How has the COVID pandemic affected Black mental health? By Yusef Alam
As the Premier League starts up and players continue to take a knee against systemic racism, Callum Ferguson looks at enduring lack of British footballers from Asian backgrounds at all levels of the national game.
Ten years after the shooting of Mark Duggan and the uprisings that followed - how far have relations between the police and Black people come? Guest Blog by Abigail Ukbai
Thanks to years of campaigning, June 22nd is now recognised in the UK as Windrush Day, a time to acknowledge the contribution of a generation not only from the Caribbean and African but other parts of the Commonwealth.
Blog by CORE Chairperson: David Weaver - in Memory of George Floyd
Guest blog by Dr Sanjiv Lingayah. After a tumultuous 2020, marked by the disproportionate impacts of Covid-19 on racially minoritised populations and the murder of George Floyd, we have been reminded how racism shows up in painful, sometimes deadly ways.
Meghan’s Blackness has lost its sparkle even quicker than I originally envisioned when I wrote an initial comment piece shortly after the royal wedding. As I alluded to at the time and reiterate here, the sparkle of Meghan’s Blackness could not last because at its core Britain is an institutionally racist country.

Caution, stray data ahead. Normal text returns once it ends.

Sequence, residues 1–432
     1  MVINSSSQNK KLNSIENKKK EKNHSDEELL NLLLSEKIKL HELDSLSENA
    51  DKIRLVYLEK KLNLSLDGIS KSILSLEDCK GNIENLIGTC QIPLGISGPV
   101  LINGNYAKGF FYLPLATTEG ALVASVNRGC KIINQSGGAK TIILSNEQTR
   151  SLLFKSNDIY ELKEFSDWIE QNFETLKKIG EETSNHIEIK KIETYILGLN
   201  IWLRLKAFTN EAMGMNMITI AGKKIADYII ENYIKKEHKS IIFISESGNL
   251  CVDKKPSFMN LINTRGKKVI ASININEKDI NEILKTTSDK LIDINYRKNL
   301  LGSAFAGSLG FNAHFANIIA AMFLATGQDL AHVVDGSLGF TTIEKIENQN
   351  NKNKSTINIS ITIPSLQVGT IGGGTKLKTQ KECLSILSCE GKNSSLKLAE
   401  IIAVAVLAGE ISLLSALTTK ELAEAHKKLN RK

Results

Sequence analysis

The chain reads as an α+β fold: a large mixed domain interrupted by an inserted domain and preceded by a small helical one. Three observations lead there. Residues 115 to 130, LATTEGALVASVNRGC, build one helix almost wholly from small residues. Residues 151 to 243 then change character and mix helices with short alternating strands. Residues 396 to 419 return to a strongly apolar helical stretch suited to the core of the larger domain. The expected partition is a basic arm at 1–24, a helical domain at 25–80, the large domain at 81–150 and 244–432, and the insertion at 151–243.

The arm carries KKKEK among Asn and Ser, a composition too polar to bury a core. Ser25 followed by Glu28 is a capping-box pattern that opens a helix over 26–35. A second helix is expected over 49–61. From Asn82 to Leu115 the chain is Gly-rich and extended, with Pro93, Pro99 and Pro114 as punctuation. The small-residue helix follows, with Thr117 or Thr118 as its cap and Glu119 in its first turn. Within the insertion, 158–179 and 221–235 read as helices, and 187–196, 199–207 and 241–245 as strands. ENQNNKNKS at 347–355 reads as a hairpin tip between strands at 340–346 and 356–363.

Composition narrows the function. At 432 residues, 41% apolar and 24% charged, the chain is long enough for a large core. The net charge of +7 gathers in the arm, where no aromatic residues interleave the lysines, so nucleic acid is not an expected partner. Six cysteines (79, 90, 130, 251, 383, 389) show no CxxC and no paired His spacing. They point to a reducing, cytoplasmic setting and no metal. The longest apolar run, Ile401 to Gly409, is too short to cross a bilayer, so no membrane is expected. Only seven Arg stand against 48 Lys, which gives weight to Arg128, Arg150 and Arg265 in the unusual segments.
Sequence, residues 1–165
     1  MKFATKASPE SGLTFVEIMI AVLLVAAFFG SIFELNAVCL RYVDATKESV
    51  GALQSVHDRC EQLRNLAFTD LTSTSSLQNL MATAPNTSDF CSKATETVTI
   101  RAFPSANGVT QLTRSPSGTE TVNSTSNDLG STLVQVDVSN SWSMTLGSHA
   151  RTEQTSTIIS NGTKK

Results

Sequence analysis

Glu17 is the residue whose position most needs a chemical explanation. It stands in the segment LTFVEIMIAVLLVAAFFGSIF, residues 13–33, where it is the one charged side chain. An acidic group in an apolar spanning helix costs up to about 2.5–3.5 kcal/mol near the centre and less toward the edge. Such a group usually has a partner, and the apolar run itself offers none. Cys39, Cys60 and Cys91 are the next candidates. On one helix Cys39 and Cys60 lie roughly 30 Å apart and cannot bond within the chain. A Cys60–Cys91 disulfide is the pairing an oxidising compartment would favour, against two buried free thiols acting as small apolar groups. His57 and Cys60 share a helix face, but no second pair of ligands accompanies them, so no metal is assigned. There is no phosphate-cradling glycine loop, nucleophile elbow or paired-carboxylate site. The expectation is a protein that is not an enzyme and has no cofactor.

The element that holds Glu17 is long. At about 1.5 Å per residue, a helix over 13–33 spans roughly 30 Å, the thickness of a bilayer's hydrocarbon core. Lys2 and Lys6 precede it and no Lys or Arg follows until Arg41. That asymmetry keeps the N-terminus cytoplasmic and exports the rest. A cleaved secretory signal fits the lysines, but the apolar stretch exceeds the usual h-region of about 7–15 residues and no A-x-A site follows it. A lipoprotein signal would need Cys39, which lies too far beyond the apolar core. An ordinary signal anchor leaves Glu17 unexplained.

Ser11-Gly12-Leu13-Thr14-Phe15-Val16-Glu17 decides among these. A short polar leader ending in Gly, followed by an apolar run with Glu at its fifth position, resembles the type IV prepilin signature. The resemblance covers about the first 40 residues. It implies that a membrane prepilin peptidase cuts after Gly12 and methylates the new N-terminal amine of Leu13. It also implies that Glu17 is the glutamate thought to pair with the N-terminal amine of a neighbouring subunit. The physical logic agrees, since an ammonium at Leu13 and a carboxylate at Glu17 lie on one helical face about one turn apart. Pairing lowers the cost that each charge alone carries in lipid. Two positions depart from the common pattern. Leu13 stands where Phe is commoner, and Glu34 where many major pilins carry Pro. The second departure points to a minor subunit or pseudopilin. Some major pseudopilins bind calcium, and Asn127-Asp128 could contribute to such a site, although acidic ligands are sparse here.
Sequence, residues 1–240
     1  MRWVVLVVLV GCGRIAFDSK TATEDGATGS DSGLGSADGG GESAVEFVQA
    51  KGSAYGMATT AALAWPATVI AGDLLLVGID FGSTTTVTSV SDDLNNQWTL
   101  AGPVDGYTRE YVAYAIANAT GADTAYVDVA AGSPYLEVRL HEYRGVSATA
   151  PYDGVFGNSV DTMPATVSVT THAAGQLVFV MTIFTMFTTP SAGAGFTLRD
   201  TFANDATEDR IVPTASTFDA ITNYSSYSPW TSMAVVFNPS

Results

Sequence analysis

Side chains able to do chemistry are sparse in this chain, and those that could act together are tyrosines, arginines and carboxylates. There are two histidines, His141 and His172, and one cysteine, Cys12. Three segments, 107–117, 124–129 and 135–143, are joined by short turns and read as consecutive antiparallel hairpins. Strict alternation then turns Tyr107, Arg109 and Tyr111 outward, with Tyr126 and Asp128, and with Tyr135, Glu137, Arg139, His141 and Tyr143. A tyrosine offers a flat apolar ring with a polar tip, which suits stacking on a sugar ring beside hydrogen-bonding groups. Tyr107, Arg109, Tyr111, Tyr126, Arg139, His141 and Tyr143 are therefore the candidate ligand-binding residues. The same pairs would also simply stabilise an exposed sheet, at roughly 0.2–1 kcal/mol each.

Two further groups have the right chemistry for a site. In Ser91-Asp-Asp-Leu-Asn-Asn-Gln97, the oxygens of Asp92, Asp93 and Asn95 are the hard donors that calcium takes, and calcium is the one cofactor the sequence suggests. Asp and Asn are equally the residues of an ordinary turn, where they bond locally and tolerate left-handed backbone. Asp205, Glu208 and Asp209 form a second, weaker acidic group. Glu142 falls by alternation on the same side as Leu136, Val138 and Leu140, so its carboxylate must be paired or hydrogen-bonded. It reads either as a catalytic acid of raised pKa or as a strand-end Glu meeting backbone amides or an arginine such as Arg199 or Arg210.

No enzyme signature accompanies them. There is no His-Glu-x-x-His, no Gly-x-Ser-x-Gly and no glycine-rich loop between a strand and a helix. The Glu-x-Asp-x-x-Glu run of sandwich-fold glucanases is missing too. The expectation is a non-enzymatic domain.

You may well have missed it under the Brexit deluge but Theresa May announced a major reform of the Mental Health Act this month – the first for 30 years.
She had commissioned Sir Simon Wessely, Regius Professor of Psychiatry at King’s College London and president of the Royal Society of Medicine to examine the legal state of Britain’s mental health system.
His report came out earlier this month. Frankly it is full of warm words but proposes scant action and dumps the problem of better treatment for mental health patients on the NHS.
A number of people have approached me with regards to Trevor Phillips recent article in the Mail newspaper calling for the police to be made exempt of race equality laws to allow them to carry out more stop and search operations on predominantly young black boys in areas with high levels of violent crime.